Egg Donations: A Honolulu Woman's Story
A Good Egg: Why one Honolulu woman has donated her eggs, six times.
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It's Not Just Physical
I am no longer with the man for whom I left the orphans, but with someone I lived with and loved nine years ago, before I left for the Peace Corps, before donating my eggs was something I considered. I came back to him bruised from all the doorknobs of life I’d fallen into since I was 23. We love all the things we do together, but having children will never be one of them. I know he wants children, and he doesn’t understand why I’d put myself through the emotional and physical stress of donating to strangers, yet will never have a child with him, someone I love. As much as possible, I keep our love wandering the borderlands of my heart, fearing that he will only keep me until he finds a woman who wants the family he wants. (I don’t do this well; love sneaks in, flips on the projector, teasing me with the trailer from our unreleased future together.)
In my personal relationships, it has been inevitably devastating to not see sperm to ovum. Of course I wish my glass were half full with babies, extra-cute ones, so I could Instagram their precious dimples and Photoshop rainbows coming out of their heads. In some ways it would be easier not to question the rightness of having children, and to just have a baby bump of my own, so I could turn sideways and fit perfectly into the Escher drawing of my pregnant friends.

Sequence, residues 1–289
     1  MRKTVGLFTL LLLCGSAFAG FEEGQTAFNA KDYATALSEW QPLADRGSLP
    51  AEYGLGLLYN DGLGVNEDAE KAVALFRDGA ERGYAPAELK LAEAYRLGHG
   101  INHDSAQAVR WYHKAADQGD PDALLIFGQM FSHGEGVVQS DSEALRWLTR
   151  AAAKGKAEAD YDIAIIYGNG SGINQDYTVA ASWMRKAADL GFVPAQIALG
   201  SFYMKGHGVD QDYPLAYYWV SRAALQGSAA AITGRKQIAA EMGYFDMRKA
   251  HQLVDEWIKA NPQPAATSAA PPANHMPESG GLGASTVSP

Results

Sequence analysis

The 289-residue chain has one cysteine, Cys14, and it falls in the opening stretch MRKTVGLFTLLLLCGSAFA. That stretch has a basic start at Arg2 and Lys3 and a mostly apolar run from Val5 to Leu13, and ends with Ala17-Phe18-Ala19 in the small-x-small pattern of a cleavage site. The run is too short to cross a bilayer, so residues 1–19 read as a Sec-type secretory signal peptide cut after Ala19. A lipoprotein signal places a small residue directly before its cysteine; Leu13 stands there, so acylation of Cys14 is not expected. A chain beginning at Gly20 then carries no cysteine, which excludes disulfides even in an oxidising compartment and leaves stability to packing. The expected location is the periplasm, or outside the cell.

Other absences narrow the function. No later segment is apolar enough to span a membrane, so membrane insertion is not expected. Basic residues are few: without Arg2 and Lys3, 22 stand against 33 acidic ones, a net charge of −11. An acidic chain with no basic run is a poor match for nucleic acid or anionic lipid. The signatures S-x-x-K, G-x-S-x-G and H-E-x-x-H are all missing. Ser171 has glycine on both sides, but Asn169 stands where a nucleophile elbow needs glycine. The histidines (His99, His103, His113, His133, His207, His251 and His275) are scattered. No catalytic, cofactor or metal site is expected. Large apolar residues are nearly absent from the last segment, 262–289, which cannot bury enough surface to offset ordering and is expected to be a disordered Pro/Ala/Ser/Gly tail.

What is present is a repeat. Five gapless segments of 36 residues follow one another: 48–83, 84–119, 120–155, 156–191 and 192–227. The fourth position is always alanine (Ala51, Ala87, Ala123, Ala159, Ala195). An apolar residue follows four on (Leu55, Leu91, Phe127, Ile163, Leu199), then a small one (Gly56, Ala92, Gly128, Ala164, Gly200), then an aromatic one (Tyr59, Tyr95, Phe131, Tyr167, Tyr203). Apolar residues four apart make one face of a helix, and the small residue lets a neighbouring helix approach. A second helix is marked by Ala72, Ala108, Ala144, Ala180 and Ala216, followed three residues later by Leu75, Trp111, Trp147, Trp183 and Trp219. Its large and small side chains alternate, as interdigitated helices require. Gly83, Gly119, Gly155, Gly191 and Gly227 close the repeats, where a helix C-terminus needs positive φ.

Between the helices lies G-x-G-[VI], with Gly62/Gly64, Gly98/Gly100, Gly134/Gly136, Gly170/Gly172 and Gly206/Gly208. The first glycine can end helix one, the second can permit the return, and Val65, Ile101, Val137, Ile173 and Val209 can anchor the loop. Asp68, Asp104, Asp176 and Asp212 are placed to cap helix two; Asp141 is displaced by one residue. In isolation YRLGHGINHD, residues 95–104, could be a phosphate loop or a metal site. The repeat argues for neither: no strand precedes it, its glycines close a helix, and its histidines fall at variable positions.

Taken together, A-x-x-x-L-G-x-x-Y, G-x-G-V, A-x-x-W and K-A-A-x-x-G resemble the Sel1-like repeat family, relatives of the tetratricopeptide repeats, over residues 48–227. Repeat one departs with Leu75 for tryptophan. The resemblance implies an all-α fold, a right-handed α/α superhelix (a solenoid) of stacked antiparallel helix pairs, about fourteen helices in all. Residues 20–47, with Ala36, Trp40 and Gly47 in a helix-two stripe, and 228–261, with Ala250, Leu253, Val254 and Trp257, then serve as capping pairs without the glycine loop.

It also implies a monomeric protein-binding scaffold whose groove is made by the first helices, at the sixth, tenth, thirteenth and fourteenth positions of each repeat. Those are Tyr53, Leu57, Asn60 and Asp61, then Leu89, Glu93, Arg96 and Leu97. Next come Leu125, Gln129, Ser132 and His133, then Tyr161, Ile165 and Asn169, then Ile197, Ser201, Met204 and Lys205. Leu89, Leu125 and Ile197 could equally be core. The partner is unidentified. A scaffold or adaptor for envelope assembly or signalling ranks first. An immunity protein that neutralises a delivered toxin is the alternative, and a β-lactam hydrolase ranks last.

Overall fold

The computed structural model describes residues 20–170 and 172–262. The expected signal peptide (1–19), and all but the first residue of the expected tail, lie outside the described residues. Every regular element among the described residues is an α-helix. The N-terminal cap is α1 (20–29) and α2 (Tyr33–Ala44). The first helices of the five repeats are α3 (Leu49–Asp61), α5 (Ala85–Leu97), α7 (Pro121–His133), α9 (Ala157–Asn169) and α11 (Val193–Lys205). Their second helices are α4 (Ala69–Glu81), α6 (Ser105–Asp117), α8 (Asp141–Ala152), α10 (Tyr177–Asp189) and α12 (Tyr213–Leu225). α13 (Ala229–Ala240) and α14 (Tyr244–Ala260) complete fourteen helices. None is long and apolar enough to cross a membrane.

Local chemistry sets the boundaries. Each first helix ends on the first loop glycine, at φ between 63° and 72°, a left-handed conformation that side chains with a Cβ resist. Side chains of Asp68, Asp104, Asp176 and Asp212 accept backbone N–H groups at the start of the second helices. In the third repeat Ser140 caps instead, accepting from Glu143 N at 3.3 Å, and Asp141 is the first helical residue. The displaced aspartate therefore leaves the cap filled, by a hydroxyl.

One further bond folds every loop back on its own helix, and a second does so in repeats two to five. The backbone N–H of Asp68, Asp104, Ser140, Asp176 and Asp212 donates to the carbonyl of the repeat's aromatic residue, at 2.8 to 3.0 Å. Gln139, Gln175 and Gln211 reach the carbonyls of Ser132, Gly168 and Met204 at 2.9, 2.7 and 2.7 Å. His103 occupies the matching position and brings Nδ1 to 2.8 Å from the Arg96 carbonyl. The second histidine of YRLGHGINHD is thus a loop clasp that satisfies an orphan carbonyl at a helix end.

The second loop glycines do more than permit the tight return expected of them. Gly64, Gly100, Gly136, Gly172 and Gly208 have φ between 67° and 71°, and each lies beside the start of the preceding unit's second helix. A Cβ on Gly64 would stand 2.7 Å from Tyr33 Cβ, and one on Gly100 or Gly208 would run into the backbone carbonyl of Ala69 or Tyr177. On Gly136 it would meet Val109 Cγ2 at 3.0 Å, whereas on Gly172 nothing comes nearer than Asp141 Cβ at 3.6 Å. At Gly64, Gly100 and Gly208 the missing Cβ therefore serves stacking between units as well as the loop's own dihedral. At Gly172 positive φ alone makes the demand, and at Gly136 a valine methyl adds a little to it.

I have donated more than 150 eggs, and have at least five offspring in the world, despite my belief that we shouldn’t have children, shouldn’t take the risk of bringing new lives here, exposing their hearts to ache, bodies to disease, dreams to crushing. I see a pure logic behind nonconception: Our species destroys its environment, murders its own. Our species has millions of children it can’t feed. I donate my eggs so I can live a less-strained life, my own kind of selfish survival. Still, I feel the toss and turn of dissonance, my greatest guilt knowing that, because of me, my need for fast cash, there are new versions of me out there, forced to avoid pain from the second their lungs need air.
The Needle and the Damage Done
It’s never easy, even on a physical level. There’s a moment from my 2010 donation I’ll never forget.
I am weeping, the kind of weeping one does when waking from a nightmare, caught in those dangerous minutes between asleep and awake. Don’t worry, the nurse says, coming to my side of the curtain, it’s just the anesthesia.
Better to lose control of my emotions than my bladder, I reassure myself with something not so reassuring. That’s how I roll.
The nurse tells the woman behind the curtain next to my gurney, “Six, the doctor retrieved six follicles.”
My follicle count? 32.
On my other side, behind another curtain, I hear the anesthesiologist preparing another woman. Donor or woman trying herself to get pregnant, our procedure is the same, transvaginal ovum retrieval.
Transvaginal: how the needle enters.
Ovum: a mature oocyte, an egg cell containing genetic information and potential life.
Retrieval: the ovum leaving my womb through a needle.
How close we are in the waiting and recovery room of this country’s most prolific fertility clinic; how polar are our stories, women struggling with fertility, desperately seeking offspring, and a woman who is a hot, fertile mess (me), desperately seeking, period.
I keep weeping. I’ll never know the source of this preconscious crying. I do know what’s coming next: the pain scale. The pain scale and its euphemistic emoticons that symbolize absolutely everything about why I will never directly procreate, because this world has a pain scale, zero to 10, happy face to sobbing face. Lying here, 32 eggs lighter and $10,000 richer, I tell the nurse my pain is an eight, even though I know it’s a four, because I’m scared the eight is coming.
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